When the Nazis seized control of Germany, they mercilessly expanded Paragraph 175, the 1871 law criminalising homosexuality. Capturing thousands of gay men, they were sentenced to death in the concentration camps alongside Jewish people, other ethnic minorities, and those with disabilities.
The draconian law remained in place long after the allies liberated Berlin. Of those liberated from the death camps, many were sent straight to jail. If no longer a death sentence, it continued to be abused to persecute queer men, even after the fall of the infamous wall that divided the city.
Eventually struck from German law in 1994, Nazi-era convictions were scrubbed from the record in 2001, but it wasn’t until last year that all men prosecuted under it were fully pardoned, including compensation for survivors.
Berlin-based filmmaker Jochen Hick explores the long shadow left by Paragraph 175 in his fascinating documentary My Wonderful West Berlin (Mein Wunderbares West-Berlin), a highlight of the Mardi Gras Film Festival.
“Many victims died before the rehabilitation process started,” Hicks notes. “That is a very sad feeling, that Germany waited until most of them had passed away.”
Drawing on rare archival footage predominantly focusing on West Berlin’s gay male community from the 50s until the late 80s, the film illuminates a vibrant socio-political network that thrived despite police and political harassment.
After the devastation of 1945, a flourishing creative scene resurfaced, inspiring filmmakers like Rainer Werner Fassbinder and Rosa von Praunheim, as well as attracting international musicians like David Bowie and Iggy Pop.
“A rich and heterogeneous LGBTIQ community had its roots back in the 19th century and was very strong before the Nazi era, so there were of course memories to follow on,” Hicks says. “After 1945, Berlin had a very special demography, mainly old people or students. Many who wanted to work, make money or raise a family left.”
Major change came in 1969 with the first modification of Paragraph 175. “After that you could be somehow openly gay, just the age of consent was different to straight people.”
Hicks says this allowed West Berlin’s many subcultures to form and co-exist, something he says the city is losing today. “Back then West Germany did not really care about what was happening in West Berlin by night, it was an island within the Communist block.”
Politics play a big part of the doco, identifying a considerable overlap between socialism and the city’s gay liberation groups.
“Hand in hand with the students movement, many gay men wanted to contribute to that political change,” Hicks says. “They were leftists, but wanted to make a point that sexuality is not just the minor ‘side contradiction’ as many Marxist would argue. However, they were mainly put at the end of protest marches, because the ‘straight’ left was just as homophobic as the general public.”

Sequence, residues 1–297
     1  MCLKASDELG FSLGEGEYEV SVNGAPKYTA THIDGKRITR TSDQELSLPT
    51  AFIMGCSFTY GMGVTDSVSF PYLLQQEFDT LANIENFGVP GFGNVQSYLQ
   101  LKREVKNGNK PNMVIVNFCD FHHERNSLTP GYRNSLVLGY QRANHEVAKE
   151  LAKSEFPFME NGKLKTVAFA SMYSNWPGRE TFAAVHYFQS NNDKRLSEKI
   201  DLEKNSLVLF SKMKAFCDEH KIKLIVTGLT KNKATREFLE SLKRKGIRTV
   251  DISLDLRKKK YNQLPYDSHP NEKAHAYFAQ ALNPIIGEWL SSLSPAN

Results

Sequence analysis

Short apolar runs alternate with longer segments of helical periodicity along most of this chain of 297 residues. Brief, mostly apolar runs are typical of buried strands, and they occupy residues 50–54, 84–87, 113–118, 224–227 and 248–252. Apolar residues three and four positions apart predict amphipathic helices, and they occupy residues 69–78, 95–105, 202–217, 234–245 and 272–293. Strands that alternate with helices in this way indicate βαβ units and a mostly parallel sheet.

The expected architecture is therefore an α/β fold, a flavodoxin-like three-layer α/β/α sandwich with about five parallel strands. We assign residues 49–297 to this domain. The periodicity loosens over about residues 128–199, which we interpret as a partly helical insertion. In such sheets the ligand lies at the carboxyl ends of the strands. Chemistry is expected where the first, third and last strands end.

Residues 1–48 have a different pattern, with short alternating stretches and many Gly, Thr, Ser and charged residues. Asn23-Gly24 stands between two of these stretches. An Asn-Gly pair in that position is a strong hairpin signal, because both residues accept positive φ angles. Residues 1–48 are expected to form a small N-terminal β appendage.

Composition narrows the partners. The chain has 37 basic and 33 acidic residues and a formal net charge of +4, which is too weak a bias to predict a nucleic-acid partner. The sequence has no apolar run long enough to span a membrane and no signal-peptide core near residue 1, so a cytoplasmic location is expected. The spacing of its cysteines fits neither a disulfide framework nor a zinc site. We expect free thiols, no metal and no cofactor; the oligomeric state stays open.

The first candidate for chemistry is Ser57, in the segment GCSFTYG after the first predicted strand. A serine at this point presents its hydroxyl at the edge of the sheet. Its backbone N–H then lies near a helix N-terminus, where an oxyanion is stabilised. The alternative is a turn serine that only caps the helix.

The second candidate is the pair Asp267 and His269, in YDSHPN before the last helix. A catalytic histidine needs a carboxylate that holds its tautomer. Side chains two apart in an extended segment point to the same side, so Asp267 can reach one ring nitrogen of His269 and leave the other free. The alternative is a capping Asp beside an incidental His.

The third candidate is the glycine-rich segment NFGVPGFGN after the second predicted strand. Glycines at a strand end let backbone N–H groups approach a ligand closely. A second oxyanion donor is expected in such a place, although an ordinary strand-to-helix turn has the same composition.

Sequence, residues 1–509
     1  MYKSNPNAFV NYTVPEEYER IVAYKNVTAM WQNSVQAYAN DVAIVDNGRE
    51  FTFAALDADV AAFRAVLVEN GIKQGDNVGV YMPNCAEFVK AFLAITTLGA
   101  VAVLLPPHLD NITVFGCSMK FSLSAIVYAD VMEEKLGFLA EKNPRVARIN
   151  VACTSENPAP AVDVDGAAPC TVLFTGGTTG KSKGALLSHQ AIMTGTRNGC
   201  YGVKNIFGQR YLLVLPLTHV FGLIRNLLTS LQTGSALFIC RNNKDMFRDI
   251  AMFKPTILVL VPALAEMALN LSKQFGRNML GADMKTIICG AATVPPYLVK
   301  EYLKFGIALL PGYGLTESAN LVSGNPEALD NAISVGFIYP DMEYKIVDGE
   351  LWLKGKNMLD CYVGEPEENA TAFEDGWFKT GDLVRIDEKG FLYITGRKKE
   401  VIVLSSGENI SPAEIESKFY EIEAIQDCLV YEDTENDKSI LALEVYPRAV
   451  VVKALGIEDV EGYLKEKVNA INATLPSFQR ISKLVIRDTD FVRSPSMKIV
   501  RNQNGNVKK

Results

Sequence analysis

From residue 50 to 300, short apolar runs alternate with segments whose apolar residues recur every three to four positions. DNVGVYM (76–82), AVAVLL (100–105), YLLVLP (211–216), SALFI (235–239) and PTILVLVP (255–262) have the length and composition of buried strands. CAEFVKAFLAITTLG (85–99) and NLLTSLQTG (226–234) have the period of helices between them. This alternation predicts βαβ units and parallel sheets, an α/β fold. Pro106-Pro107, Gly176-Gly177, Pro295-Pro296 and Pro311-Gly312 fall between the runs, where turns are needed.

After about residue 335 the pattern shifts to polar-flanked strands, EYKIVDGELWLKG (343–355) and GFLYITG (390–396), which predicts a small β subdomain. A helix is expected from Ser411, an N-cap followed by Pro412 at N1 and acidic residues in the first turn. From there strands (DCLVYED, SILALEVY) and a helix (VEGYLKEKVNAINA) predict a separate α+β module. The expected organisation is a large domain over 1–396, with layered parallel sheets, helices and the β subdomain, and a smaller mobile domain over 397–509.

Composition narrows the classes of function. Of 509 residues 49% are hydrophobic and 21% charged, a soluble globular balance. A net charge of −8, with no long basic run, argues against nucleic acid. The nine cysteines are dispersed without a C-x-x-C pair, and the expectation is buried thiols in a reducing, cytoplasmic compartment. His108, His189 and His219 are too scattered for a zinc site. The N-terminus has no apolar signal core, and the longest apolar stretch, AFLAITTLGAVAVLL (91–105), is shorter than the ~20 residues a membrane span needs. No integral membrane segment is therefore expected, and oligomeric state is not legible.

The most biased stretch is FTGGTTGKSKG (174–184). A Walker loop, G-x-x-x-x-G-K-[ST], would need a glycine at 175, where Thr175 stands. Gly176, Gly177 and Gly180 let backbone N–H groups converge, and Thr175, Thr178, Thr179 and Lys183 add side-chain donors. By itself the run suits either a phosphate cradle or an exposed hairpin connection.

Communes sprung up in the city’s many squats, with great swathes of Berlin still lying in ruins. Hicks notes that they weren’t as sexually liberated as you might expect. “Sex happened outside of the communes, in bars, parks, toilets or still mainly in relationships, whereas political discussion and activism took place within the communes.”
There were also ructions with the city’s lesbian communities and their push for women’s rights. “Gays could have tried to team up more with the women, but they chose not to,” Hicks says. “And of course there were women who did not want them around, since for them gay men also represented patriarchy.”
The latter point is colourfully demonstrated when footage is shown of the walls of a meeting room covered in hundreds of drawings of penises. For his part, Hicks says this separation suggested the focus on gay men in this film, as well as a firm belief that the alternate story is for lesbian filmmakers to tell themselves.
Of course, Berlin’s club scene thrived, spawning punk icons like Nina Hagen and artist Salomé of Geile Tiere (Horny Animals). “Bowie and Iggy Pop were probably drawn by the weirdness of Berlin during the mid 70s, a city full of drugs where nobody cared and everything seemed to go,” Hicks says.
My Wonderful West Berlin also spends some time with pioneering trans woman and Bowie muse Romy Haag, with her eponymously named club Chez Romy Haag offering something of a sanctuary not only to trans people, but also the broader LGBTIQ community.
Punk mutated into techno, championed by DJ and producer WestBam first at the Metropol club before the new sound found its spiritual home at Ostgut club, which in turn spun out of gay sex party Snax. When Ostgut closed, it was later reborn as the world-famous Berghain.
Heady days and even headier nights were cruelly curbed by the onset of the HIV/AIDs crisis, but even this catastrophe brought a very Berlin response, Hicks notes. “There was a strong movement to create a sex-positive approach to the epidemic and the bathhouses of Berlin were never closed.”
Framed by contemporary interviews with several of the men featured in the archival material, My Wonderful West Berlin allows both recollections of the past and also a sense of how much has changed in the intervening years.
“The fashion designer Klaus Schumann, with his weird family story and the drama about the illness of his lover was touching to me,” Hicks says, “As was René Koch, who arrived in the early 60s. There are quite a few moments I am still moved by after seeing it numerous times, all these different life paths.”